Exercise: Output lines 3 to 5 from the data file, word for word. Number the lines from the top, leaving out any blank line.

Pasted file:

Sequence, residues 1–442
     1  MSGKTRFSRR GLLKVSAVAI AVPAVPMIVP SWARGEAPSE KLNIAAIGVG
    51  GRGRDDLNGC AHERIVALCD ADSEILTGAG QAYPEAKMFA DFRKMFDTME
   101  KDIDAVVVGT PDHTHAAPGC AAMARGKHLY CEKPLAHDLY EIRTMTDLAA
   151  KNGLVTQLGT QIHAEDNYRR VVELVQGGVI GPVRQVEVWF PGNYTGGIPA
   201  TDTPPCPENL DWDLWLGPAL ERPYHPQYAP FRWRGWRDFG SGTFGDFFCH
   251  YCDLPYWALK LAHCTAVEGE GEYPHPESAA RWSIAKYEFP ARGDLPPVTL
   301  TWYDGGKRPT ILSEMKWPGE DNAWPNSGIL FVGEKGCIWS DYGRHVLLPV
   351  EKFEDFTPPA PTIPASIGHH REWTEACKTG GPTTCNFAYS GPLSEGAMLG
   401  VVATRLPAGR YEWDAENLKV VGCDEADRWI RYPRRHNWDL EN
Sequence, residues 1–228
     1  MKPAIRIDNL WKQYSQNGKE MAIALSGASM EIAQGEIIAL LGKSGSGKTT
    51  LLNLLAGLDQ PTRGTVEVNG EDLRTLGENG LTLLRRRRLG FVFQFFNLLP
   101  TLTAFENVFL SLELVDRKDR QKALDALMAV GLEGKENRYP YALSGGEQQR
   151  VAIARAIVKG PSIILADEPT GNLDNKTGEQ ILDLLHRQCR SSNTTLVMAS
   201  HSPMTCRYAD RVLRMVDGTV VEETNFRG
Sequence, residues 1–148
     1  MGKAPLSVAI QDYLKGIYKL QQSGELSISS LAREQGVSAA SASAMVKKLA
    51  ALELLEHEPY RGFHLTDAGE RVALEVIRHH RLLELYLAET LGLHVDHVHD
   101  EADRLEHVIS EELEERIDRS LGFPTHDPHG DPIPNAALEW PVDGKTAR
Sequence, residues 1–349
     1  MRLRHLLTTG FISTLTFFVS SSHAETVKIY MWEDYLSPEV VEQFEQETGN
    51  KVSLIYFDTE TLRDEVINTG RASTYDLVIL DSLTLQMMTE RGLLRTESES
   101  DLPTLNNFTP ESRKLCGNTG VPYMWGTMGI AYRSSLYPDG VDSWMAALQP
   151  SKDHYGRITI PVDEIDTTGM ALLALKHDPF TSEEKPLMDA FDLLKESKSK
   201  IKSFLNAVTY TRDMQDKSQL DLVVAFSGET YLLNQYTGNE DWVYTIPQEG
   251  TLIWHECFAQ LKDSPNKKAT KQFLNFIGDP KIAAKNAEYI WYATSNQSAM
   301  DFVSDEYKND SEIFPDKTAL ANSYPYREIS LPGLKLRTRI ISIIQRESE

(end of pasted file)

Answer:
    51  GRGRDDLNGC AHERIVALCD ADSEILTGAG QAYPEAKMFA DFRKMFDTME
   101  KDIDAVVVGT PDHTHAAPGC AAMARGKHLY CEKPLAHDLY EIRTMTDLAA
   151  KNGLVTQLGT QIHAEDNYRR VVELVQGGVI GPVRQVEVWF PGNYTGGIPA